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20 HOT SPOTS
The spots numbered from 1-20 are the ones that I have picked to be the best Shallow water spots with the most potential. The waypoints marked with an area number and an X, are locations to cast to. The waypoints that are marked with an area number and an F, are features such as rock piles, old foundations or other structure that traditionally hold fish! On almost every lake it appears that you are fishing every nook and cranny the lake has to offer. If you are going to find shallow water fish that is exactly what you have to do. I am not on the water with you to point out the reasons that a spot is holding fish. Hopefully you will recognize the shore line and creek channel features with some cover in the water that is attractive to bass causing them to be there on a regular basis. You will have to be patient, just fish hard, pay attention to the cover and learn from your catch ratios what the Bass in your lake are wanting. These patterns will be the same over the whole of your lake. Once you develop a pattern and pull in on a new spot you will know the potential it has right away. Try your best to fish those that are not numbered, you never know what is back there until you take a look and fish. Twenty spots will only give you one best spot. Now you will take the information and be able to select 40 more spots to fish. This will give you 2 more hot spots on your lake. It is a must to have the best 3 spots shallow to track the big Bass out to their comfort zone.
Shallow water spots in the Summer months are good for the first 2 to 3 hours each morning. You must cover 3 spots each day. On cloudy days you can count on a couple of more hours to fish and maybe get in 6 spots for the morning. Some spots are way back away from the boat traffic and may not even be possible to get to during low water times. You will have to move out toward deeper water as the fish move. Bass do not move far from home; so the next best area toward deep water will be a new search point. Some of the spots are up the river through all kinds of timber. Look at your map and stay in the creek channel to get to them. Also look for cleared fields close to the shore in even shallower water that may make idling back there safer on the old lower unit.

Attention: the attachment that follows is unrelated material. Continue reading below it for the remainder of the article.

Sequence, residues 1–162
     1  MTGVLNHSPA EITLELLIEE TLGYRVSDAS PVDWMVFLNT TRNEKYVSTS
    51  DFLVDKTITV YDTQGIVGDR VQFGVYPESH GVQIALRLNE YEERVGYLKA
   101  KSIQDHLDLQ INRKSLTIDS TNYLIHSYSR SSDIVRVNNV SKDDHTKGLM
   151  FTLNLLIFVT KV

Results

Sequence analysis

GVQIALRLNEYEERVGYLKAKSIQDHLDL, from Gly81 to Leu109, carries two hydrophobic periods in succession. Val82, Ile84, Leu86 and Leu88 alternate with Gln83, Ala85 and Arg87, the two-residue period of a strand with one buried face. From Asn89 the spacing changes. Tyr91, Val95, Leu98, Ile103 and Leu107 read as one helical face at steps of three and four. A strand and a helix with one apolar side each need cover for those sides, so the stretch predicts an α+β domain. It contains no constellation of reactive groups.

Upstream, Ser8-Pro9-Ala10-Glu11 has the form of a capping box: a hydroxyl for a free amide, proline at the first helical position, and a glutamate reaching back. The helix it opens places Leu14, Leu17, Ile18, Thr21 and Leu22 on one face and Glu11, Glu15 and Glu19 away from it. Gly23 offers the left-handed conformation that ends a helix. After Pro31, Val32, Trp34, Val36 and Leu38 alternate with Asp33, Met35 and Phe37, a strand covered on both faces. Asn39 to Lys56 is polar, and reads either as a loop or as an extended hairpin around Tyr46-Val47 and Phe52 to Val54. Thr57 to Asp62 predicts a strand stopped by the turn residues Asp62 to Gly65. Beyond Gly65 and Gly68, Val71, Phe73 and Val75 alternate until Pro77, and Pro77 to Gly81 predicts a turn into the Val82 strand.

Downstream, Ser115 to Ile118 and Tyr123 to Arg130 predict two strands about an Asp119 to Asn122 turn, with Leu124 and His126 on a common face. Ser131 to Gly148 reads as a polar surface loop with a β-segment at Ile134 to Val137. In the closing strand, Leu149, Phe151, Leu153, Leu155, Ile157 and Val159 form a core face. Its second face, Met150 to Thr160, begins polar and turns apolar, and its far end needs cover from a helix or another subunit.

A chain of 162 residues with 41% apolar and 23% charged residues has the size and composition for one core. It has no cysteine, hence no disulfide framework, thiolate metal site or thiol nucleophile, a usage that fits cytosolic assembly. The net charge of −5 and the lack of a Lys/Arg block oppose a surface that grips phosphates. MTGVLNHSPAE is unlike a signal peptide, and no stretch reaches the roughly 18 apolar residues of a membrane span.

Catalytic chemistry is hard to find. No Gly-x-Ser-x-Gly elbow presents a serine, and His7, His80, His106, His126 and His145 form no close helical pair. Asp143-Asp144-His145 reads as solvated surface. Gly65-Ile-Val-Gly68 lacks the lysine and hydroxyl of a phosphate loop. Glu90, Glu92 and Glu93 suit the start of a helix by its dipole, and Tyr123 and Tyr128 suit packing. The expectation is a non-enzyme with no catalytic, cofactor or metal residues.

There are 19 criteria that I look for in picking the best spots. You will use your Ledger below to record your catches. You may want to consider giving some of these spots a second chance if you do not feel the weather conditions were right on the morning you were there. The number one criteria for picking and catching big Bass on a spot is cover. Again I am not there to see the potential. Your first indication is visible cover. That is a good start, but the cover under water out to the ledge or slope that these Bass call home is the most important. After you finish your 3 selected spots each morning and have been successful on one, start your search. A side imaging unit is your best tool. I had to find all my underwater cover with a C-Rig and some times this may be the best way to find it especially if you are dealing with heavy grass and hard woods. Bass move from their comfort zone each and every day to the first drop using the same bush, stump or rocks to ambush prey. Then they move to the next one toward the shallows. She will use the same ones each day and only making changes if the hunt is not successful or the water level drops drastically. Find these pieces of cover and you will find a monster hanging out there.